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MVP: Jeimer Candelario

Best Pitcher: Spencer Turnbull

Most Improved: Jeimer Candelario

Most Disappointing: Matt Boyd

Best Rookie: Willi Castro

The rebuilding Tigers were in playoff contention until the final month of the season, and Candelario played a big role in their run. The 26-year-old recovered from an abysmal 2019 campaign to post an .872 OPS. He led the Tigers in runs scored and doubles and finished top three in hits, homers, RBIs, batting average, and on-base percentage.

Houston Astros

MVP: George Springer

Best Pitcher: Zack Greinke

Most Improved: Framber Valdez

Most Disappointing: Jose Altuve

Best Rookie: Cristian Javier

The Astros managed to reach Game 7 of the ALCS without Justin Verlander, and some credit has to be given to Valdez. The 26-year-old left-hander was arguably as good as Greinke during the regular season, authoring a 3.57 ERA, a 2.85 FIP, and 9.7 K/9, but he was even more tremendous across 24 postseason frames, allowing five runs and winning three games. Two of his victories came against the AL champion Rays, striking out 17 in 12 innings.

Kansas City Royals

MVP: Salvador Perez

Best Pitcher: Brad Keller

Most Improved: Maikel Franco

Most Disappointing: Jorge Soler

Best Rookie: Brady Singer

Perez bounced back nicely after missing the entire 2019 season while recovering from Tommy John surgery on his throwing elbow. The longtime Royals catcher hit .333 and led the team in homers and OPS. In fact, Perez accrued the highest WAR among catchers with 150 plate appearances during the shortened campaign, beating out elite backstops such as J.T. Realmuto and Yasmani Grandal.

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Los Angeles Angels

MVP: Mike Trout

Best Pitcher: Dylan Bundy

Most Improved: Dylan Bundy

Most Disappointing: Shohei Ohtani

Best Rookie: Jared Walsh

Bundy was one of the most pleasant surprises in an otherwise disappointing season in Anaheim. The right-hander finally emerged as a top starter after breaking into the league as a can't-miss prospect with the Orioles. The 27-year-old registered a 2.95 FIP with a career-high 9.9 K/9.

Los Angeles Dodgers

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MVP: Mookie Betts

Best Pitcher: Clayton Kershaw

Most Improved: Corey Seager

Most Disappointing: Cody Bellinger

Best Rookie: Tony Gonsolin

Very few teams feature the type of firepower that the Dodgers possess. Los Angeles rosters two MVP winners in their primes in Betts and Bellinger. However, Seager's re-emergence has been crucial to the offense reaching new heights, as he's become the star he was on track to be following back-to-back All-Star nods in 2016 and 2017. The 26-year-old accrued a .943 OPS with 15 homers and 41 RBIs in 52 games.

Miami Marlins

MVP: Brian Anderson

Best Pitcher: Pablo Lopez

Most Improved: Garrett Cooper

Most Disappointing: Jordan Yamamoto

Best Rookie: Sixto Sanchez

The Marlins are starting to see the fruits of their labor after trading away superstars J.T. Realmuto, Giancarlo Stanton, Marcell Ozuna, and Christian Yelich in recent years. Sanchez was the key piece that came from the Phillies in the Realmuto deal. He looked good during his first taste of the big leagues, and his otherworldy changeup is poised to frustrate hitters for years to come.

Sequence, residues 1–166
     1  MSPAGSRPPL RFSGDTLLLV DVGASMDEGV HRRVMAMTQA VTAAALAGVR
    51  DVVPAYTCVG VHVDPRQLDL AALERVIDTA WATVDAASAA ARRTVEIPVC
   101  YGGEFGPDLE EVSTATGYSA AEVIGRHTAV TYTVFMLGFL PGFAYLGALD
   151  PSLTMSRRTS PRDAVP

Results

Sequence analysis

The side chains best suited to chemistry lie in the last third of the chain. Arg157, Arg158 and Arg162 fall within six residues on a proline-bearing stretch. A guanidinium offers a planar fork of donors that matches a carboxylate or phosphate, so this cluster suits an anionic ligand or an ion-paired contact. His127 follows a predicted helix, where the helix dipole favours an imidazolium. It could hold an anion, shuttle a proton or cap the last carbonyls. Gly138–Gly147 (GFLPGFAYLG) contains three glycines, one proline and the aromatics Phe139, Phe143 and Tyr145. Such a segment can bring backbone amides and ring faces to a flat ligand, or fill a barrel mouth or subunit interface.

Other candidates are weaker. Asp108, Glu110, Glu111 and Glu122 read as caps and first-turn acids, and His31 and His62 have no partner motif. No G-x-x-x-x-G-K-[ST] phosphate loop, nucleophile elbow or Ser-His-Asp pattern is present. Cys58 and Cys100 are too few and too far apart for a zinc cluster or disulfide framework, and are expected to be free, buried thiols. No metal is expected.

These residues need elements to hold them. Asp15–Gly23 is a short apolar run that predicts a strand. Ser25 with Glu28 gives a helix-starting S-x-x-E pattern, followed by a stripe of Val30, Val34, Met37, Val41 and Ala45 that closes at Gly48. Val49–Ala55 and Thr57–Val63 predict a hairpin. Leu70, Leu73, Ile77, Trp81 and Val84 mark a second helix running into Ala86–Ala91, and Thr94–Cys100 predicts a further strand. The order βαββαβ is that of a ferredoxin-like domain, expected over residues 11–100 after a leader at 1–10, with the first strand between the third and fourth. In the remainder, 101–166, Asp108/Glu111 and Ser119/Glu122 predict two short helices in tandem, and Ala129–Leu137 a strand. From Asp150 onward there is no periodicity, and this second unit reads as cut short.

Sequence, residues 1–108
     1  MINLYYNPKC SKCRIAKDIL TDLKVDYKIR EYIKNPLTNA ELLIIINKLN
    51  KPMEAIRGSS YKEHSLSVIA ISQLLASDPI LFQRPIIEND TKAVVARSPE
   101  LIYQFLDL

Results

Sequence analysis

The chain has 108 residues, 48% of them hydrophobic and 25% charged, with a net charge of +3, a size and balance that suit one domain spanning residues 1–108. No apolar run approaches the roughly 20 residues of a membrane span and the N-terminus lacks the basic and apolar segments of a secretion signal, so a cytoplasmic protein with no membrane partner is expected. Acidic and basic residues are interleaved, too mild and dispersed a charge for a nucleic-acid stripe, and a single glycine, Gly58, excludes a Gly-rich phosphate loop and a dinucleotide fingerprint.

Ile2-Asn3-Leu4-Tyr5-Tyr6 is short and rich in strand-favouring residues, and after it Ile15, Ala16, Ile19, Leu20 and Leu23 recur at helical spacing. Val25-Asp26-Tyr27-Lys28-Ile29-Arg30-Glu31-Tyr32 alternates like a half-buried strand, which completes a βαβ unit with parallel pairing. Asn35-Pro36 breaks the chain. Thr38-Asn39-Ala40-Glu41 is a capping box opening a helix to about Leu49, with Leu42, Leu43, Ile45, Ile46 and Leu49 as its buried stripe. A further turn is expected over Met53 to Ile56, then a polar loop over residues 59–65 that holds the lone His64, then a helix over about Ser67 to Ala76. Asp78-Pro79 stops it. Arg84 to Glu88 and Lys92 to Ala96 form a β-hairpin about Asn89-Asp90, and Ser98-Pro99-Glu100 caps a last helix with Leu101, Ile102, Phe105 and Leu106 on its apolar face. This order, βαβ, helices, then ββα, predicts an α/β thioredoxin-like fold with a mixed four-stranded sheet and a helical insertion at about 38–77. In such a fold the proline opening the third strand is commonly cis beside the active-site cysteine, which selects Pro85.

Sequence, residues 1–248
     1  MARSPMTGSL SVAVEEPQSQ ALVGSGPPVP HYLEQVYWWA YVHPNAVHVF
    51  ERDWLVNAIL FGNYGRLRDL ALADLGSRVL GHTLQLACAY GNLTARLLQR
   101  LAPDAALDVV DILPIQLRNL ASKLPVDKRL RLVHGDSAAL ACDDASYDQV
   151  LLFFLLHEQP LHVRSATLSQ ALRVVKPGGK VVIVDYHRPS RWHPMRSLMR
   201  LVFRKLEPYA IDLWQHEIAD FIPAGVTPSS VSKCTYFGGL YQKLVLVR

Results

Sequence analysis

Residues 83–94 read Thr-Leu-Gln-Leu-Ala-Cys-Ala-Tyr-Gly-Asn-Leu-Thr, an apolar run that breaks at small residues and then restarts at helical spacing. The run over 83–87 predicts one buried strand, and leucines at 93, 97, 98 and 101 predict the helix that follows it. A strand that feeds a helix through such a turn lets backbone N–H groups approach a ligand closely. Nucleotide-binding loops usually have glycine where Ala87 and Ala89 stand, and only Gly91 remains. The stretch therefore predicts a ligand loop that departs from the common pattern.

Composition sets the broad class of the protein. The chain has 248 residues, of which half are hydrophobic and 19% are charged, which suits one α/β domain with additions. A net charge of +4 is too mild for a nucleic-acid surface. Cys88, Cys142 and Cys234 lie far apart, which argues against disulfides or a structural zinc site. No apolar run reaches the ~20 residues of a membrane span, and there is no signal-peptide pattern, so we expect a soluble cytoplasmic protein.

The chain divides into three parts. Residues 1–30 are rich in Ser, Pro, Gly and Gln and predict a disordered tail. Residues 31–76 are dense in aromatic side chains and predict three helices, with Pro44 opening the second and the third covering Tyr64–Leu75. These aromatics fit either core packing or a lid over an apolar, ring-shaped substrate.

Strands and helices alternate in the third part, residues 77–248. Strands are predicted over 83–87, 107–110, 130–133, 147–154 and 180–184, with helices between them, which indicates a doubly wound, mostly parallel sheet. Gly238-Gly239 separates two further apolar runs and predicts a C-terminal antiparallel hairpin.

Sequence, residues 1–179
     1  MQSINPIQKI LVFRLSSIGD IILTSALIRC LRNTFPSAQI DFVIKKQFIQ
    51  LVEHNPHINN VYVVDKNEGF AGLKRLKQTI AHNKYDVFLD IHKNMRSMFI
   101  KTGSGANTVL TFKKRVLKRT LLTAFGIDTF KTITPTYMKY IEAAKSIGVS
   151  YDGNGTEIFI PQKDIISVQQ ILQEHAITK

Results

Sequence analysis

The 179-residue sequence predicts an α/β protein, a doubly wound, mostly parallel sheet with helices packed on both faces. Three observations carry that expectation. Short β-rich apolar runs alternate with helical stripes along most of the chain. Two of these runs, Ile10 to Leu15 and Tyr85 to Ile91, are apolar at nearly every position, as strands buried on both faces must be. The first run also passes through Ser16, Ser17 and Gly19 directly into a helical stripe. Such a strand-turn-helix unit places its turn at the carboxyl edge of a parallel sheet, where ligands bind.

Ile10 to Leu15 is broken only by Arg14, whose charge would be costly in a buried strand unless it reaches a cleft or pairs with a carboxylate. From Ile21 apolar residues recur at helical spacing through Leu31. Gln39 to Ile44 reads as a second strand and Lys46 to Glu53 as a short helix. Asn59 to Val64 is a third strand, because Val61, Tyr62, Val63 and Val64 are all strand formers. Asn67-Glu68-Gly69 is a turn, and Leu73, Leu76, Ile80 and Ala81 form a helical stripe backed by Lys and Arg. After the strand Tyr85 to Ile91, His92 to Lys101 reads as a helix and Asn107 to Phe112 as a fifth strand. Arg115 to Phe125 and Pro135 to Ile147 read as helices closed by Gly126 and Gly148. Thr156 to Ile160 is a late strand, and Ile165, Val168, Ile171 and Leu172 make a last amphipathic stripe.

Milwaukee Brewers

MVP: Corbin Burnes

Best Pitcher: Corbin Burnes

Most Improved: Corbin Burnes

Most Disappointing: Christian Yelich

Best Rookie: Devin Williams

The Brewers' rotation seemed like a mess entering the season. But following Burnes' breakout, Milwaukee now boasts a formidable 1-2 punch with him and Brandon Woodruff. It was an impressive turnaround for Burnes, who was demoted to the bullpen in 2019 while allowing 17 home runs and pitching to an 8.82 ERA in 49 innings. The 25-year-old suppressed the long ball in 2020, serving up only two in just under 60 innings.

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Minnesota Twins

MVP: Nelson Cruz

Best Pitcher: Kenta Maeda

Most Improved: Byron Buxton

Most Disappointing: Mitch Garver

Best Rookie: Randy Dobnak

Maeda was even better than advertised following an offseason trade with the Dodgers and cemented himself as a legitimate ace. His 2.70 ERA, 0.75 WHIP, and 10.80 K/9 were all career bests, and he failed to complete at least six innings in only three of his 11 starts. He'll continue to anchor the rotation going forward, as he's not slated to hit free agency until after 2023.

New York Mets

a baseball player holding a bat on a field: Steven Ryan / Getty Images Sport / Getty © Provided by theScore Steven Ryan / Getty Images Sport / Getty

MVP: Michael Conforto

Best Pitcher: Jacob deGrom

Most Improved: Dominic Smith

Most Disappointing: Pete Alonso

Best Rookie: Andres Gimenez

After a couple of years of false starts and uncertainty surrounding his defensive position, Smith finally came into his own at the dish. He led the Mets in RBIs (42), wRC+ (165), and OPS (.993) while drilling 10 home runs in 50 games. Only Conforto (2.0) was worth more WAR than Smith (1.8) on the offensive side of the ball.

New York Yankees

MVP: DJ LeMahieu

Best Pitcher: Gerrit Cole

Most Improved: Clint Frazier

Most Disappointing: Gary Sanchez

Best Rookie: Deivi Garcia

LeMahieu became the first player in the modern era to claim a batting title in both leagues after he hit .364 over 50 games for the Yankees. His 177 wRC+ led the American League and showed he may be New York's most indispensable player just as he hits free agency.

Oakland Athletics

MVP: Liam Hendriks

Best Pitcher: Liam Hendriks

Most Improved: Chris Bassitt

Most Disappointing: Marcus Semien

Best Rookie: Sean Murphy

Hendriks blew a save on Opening Day and was saddled with his only loss in his final appearance. In between, he recorded 14 saves with a 0.78 ERA (0.37 FIP) and 34 strikeouts over 23 dominant innings and ultimately earned a much-deserved AL Reliever of the Year award.